Being the ex-general counsel at Expedia and now running Avvo and its free legal advice Q&A forum, I am often asked “What are my rights if my flight is horrendously delayed?” This question usually comes from someone who just spent an unexpected afternoon on the tarmac due to flight delays.
Well, before you get too excited to learn about your rights, I must inform you that you don’t have any. Zippo. Zilch. Nada. Yep, let’s get your gasps out of the way upfront. I know you hear about travelers’ rights all of the time on TV, and you are sure that as an American you have the right to sue any flight attendant who refuses you an extra bag of party mix, but the reality is that your only rights are those that the airline gives you in its carriage agreement.
What is this mysterious carriage agreement, you ask? When you buy an airline ticket, the airline clearly discloses that you are entering into an agreement (i.e. a binding contract) with the airline. You agree to give them your hard-earned cash, and they agree to give you certain services in return. If one of your “rights” is not in that agreement, then it doesn’t exist. Now, let’s not take this too far: The airline cannot do anything that is illegal, such as assault you or discriminate against you. What I’m talking about is the level of service that the airline is required to give you, such as whether an airline needs to let you off an airplane after you have been sitting on the tarmac for four hours, or whether they can charge you for an overweight bag, or how much they must pay you for losing your luggage. You might think the Federal Aviation Administration has a bunch of rules for this sort of thing, but they simply do not.
OK, so if your flight is so delayed that it wrecks your entire vacation, are you simply out of luck? Well, if you want to sue the airline for lost sun time, yes. But there is still hope, for a number of reasons: First, airlines have at least some business sense and realize that if they treat their customers poorly they will not survive. But possibly more importantly, the Department of Transportation (your tax dollars at work) has persuaded the airlines to maintain certain “rights” in their carriage agreements which generally provide the following:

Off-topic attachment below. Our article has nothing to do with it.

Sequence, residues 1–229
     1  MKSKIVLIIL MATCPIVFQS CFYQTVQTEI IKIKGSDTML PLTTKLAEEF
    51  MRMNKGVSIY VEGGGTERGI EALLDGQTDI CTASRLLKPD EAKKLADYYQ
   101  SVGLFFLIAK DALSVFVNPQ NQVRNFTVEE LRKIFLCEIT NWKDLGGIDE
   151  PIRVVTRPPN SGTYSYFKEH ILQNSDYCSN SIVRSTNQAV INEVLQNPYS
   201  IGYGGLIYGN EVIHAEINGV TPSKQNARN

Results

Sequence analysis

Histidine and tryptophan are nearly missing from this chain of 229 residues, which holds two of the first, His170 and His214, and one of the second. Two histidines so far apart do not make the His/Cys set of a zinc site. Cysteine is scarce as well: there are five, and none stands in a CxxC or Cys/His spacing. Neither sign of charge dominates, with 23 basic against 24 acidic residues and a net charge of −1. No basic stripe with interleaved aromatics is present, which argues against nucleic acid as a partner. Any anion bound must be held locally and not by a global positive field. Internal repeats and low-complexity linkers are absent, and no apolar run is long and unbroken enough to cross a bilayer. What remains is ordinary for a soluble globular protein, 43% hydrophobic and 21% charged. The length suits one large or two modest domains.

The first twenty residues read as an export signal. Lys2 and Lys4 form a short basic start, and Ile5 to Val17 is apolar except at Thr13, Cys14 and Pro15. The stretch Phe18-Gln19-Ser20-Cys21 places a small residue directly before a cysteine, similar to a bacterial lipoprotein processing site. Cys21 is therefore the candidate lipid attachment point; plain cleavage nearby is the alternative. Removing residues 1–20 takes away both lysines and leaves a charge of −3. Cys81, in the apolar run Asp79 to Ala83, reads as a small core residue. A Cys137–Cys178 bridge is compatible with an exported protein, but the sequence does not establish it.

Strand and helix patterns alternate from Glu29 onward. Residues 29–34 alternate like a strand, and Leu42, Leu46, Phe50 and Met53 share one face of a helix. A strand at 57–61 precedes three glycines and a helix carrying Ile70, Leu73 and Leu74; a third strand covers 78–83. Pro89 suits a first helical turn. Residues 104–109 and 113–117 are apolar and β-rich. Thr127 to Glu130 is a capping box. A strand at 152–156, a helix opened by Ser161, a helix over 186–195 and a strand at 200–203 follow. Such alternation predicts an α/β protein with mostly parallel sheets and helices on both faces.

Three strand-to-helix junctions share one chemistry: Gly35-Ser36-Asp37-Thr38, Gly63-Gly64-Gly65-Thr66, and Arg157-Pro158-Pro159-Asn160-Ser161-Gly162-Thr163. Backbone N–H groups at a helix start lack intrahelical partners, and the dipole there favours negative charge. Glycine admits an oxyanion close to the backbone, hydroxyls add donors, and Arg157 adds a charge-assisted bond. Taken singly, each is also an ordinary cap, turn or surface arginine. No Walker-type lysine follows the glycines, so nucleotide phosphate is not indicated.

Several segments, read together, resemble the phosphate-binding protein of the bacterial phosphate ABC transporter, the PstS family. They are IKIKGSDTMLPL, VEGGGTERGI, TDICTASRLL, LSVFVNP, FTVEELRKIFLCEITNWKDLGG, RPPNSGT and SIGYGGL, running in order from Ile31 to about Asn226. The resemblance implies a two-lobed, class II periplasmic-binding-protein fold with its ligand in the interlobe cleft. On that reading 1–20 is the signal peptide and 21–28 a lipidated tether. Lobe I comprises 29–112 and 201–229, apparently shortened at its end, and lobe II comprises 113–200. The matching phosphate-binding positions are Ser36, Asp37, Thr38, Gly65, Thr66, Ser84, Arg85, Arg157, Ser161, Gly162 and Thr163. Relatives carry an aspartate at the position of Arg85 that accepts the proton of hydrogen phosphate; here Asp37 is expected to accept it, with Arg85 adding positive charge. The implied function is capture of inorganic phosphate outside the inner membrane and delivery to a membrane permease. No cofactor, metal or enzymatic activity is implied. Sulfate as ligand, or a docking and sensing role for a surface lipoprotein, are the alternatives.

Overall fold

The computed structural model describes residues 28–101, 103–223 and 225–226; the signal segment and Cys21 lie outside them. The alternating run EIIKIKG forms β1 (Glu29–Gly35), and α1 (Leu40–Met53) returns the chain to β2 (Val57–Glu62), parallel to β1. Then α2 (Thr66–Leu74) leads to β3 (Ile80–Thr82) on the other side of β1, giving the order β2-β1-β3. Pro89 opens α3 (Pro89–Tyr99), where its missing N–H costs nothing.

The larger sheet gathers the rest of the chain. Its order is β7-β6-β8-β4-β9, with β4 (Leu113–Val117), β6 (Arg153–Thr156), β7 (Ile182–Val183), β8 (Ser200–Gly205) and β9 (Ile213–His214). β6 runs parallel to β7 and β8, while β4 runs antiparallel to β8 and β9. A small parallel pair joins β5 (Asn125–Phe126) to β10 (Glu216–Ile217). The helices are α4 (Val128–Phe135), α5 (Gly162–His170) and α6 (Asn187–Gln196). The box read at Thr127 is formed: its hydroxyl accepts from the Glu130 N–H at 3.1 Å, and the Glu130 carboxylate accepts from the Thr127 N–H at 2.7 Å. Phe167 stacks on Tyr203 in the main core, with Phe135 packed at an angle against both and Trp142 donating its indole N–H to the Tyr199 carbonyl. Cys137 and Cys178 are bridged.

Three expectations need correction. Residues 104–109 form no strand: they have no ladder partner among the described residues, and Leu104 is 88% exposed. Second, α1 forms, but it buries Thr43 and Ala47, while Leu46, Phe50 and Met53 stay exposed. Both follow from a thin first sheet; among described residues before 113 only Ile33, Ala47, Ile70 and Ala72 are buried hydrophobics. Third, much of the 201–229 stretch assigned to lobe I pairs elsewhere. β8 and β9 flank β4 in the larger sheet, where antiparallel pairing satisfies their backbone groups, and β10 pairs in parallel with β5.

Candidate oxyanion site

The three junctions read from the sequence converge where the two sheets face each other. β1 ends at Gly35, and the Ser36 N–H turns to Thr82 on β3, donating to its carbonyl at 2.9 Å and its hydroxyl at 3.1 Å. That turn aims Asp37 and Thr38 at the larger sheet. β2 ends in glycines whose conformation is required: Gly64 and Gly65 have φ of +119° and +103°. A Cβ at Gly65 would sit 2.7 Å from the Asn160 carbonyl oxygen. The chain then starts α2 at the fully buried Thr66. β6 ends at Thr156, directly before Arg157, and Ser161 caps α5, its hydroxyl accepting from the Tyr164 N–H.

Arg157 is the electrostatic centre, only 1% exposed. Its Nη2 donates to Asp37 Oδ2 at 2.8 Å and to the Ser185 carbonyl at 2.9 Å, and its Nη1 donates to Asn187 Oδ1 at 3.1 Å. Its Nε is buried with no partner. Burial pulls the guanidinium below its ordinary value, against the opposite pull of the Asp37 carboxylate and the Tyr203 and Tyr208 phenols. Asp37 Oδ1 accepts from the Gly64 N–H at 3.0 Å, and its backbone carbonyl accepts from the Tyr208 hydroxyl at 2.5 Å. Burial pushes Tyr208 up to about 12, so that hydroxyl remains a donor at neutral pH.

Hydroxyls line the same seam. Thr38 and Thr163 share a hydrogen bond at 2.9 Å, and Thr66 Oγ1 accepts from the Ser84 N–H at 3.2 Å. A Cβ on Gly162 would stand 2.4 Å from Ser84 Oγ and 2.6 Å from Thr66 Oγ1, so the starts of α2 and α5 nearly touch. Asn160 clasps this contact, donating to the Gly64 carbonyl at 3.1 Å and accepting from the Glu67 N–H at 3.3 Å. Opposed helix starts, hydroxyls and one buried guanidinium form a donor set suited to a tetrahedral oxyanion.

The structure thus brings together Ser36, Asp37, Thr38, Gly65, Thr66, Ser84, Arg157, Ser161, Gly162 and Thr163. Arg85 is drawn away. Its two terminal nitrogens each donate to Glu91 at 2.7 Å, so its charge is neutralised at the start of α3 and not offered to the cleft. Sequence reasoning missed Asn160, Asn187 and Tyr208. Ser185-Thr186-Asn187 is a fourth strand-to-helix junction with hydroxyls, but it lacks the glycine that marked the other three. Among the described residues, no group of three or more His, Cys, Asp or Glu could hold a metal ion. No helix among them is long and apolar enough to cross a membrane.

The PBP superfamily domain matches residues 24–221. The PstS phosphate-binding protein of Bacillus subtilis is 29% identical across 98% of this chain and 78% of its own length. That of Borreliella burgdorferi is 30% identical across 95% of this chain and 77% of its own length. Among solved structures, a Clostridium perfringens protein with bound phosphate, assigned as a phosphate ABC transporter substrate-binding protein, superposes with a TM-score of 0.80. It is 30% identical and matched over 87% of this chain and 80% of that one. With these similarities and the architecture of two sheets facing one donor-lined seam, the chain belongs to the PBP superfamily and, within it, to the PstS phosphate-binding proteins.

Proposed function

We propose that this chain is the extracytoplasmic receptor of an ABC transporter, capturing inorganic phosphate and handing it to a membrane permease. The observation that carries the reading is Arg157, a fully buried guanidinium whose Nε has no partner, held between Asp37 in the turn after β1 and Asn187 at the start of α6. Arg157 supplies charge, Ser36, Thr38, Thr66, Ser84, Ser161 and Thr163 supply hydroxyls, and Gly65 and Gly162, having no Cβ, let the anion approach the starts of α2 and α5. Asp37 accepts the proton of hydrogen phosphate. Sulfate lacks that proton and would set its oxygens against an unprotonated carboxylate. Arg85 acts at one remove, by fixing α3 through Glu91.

* If your flight is delayed more than four hours between the hours of 10 PM and 6 AM, the airline must give you vouchers for and transportation to a hotel room.
* If your flight is delayed by (typically) two hours, the airline will give you free meal vouchers. However, this right is quickly changing and quite often is reserved only for first-class passengers.
* If your flight is delayed more than two hours, the airline must afford you a free three-minute phone call anywhere in the continental US. Now, admittedly this is becoming outdated with the prevalence of mobile phones, but it is one of your rights!
Ok, so it’s not much and, yes, it is almost entirely within the airline’s control. But knowledge is power and at least requesting to be “240’d” (airline parlance for the rights above) as night sets in may increase your chance of resting your head on a hotel pillow rather than your carry-on.
And of course, at Avvo, we are always here to answer all of your legal questions: travel-related or otherwise. You can go directly to our free legal advice Q&A forum to ask your personal legal questions—anonymously if desired—and real attorneys will answer them.